Beyond the Event Horizon: First Ever Pictured Black Hole

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Beyond the Event Horizon: First Ever Pictured Black Hole

Maximilian Looft, Author

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For two years now, radio telescopes from around the globe — the South Pole, France, Chile, and Hawaii — have all been trained on one specific area of the sky: the galaxy Messier 87, located 55 million light years away in the Virgo constellation. For two years astronomers have had their keen eyes here, and not for the galaxy, but for what lies in the center: a black hole.

Within the center of M87 is a black hole with almost immeasurable proportions. It is a supermassive black hole, estimated to be 1,000 times larger than the black hole at the center of the Milky Way. Our own black hole has a mass comparable to approximately 4.1 million stars, according to The New York Times, which is a fraction of the black hole within M87, which has a solar mass of around 4 billion stars.

It is not just the size of this black hole that has piqued the interest of astronomers, however; it is the probability of obtaining the first ever image of a black hole. And on April 10, it was announced by Harvard astronomer Shep Doeleman, during a conference at the Harvard-Smithsonian Center, that this image was finally obtained.

Although appearing fuzzy and blurry, the image is a haunting spectacle. Black holes are the most difficult objects in the universe to capture in an image because their gravity is so strong that it sucks in all light that comes near. The only thing that helps with finding a black hole is the accretion disk, the disk of light that always surrounds a black hole, consisting of thousands of stars. This black hole was large enough to cause an accretion disk large enough to detect.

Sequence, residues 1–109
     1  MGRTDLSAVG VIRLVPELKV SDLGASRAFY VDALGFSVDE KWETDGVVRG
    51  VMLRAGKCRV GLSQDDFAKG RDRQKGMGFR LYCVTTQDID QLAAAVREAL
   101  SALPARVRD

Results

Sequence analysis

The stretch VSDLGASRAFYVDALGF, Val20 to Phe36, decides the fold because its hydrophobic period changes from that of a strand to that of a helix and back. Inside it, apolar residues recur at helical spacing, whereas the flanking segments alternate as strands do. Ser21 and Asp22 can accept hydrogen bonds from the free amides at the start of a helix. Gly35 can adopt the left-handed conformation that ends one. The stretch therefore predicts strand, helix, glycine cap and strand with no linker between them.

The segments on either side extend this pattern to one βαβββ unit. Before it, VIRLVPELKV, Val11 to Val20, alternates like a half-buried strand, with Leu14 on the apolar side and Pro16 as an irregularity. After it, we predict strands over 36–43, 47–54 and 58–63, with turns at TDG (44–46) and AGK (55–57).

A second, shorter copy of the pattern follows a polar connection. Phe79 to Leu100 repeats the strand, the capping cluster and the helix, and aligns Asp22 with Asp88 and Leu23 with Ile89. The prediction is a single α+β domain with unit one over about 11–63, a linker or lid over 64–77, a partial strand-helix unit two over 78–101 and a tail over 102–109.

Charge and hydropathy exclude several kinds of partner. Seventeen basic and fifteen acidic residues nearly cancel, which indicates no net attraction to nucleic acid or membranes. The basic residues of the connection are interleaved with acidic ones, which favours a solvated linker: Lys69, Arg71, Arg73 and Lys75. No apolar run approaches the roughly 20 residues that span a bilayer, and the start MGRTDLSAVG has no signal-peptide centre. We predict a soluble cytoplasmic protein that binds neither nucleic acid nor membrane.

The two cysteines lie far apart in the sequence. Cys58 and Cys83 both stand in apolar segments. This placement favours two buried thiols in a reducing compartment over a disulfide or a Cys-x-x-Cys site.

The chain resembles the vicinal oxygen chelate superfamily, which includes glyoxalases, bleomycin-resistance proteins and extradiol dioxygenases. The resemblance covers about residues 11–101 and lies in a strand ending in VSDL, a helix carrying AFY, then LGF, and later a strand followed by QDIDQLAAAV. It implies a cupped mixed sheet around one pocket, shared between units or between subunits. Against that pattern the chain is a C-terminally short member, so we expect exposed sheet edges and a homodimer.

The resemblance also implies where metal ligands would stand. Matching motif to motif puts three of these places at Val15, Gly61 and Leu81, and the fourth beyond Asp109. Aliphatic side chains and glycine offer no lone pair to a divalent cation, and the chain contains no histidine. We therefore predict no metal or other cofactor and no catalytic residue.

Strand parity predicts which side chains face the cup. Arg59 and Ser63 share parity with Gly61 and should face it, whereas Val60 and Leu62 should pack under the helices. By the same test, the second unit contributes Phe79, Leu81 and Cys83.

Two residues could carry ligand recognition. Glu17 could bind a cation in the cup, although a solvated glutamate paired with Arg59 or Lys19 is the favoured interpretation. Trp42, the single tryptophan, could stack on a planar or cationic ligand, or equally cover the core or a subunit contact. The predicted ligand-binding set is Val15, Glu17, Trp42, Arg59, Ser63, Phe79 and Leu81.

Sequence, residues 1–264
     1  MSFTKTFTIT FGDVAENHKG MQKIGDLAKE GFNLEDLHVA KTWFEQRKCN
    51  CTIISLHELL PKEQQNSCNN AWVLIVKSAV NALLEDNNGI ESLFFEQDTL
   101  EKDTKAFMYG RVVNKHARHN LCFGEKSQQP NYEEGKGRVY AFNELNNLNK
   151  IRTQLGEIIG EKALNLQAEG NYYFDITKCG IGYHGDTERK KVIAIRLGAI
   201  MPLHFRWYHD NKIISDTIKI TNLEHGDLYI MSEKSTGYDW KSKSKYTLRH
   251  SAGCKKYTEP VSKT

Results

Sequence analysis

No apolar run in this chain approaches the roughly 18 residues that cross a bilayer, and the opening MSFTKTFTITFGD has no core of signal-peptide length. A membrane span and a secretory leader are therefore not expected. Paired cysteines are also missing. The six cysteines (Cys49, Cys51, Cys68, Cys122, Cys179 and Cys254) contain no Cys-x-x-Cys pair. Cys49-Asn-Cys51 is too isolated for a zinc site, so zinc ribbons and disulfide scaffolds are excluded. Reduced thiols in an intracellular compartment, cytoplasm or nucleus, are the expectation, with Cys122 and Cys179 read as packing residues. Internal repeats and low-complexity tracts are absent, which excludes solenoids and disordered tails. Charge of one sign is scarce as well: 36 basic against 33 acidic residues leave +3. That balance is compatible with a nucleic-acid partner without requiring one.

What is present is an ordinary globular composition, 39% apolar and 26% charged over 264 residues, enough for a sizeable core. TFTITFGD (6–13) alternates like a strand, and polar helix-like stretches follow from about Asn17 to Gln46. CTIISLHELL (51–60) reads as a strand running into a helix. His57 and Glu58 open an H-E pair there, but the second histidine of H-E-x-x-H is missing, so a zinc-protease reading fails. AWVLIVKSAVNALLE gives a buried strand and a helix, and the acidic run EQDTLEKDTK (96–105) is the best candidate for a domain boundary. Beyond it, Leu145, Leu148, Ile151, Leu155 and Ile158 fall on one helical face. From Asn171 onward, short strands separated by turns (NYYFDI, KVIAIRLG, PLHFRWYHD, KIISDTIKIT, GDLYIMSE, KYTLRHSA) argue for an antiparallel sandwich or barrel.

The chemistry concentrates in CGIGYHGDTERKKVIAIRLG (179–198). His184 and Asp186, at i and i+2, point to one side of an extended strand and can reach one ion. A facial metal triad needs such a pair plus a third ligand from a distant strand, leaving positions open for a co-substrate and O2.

Within the image, one can only see the shadow, or silhouette, of the black hole as heat and gas travels by. Even then, it is still more than we have ever seen before. “We have seen what we thought was unseeable,” Doeleman said during the conference.

This one picture may not look like much to many people, but it is another stepping stone for science. If we can see the unseeable, we can know the unknowable. A single image can spiral into our learning the deepest secrets of black holes, the secrets behind dark matter, and what lies behind universal mysteries such as the Bootes Void and whether or not we are alone.

To many, it may not seem like the image will make history, but it already has. The first images of Earth, the first Rovers on Mars, the first satellites to leave the solar system changed the world. It is our first steps that guide us to places we can never imagine, and every day we continue to take more first steps.

This is another step that will define our future, and will send us beyond the Event Horizon.

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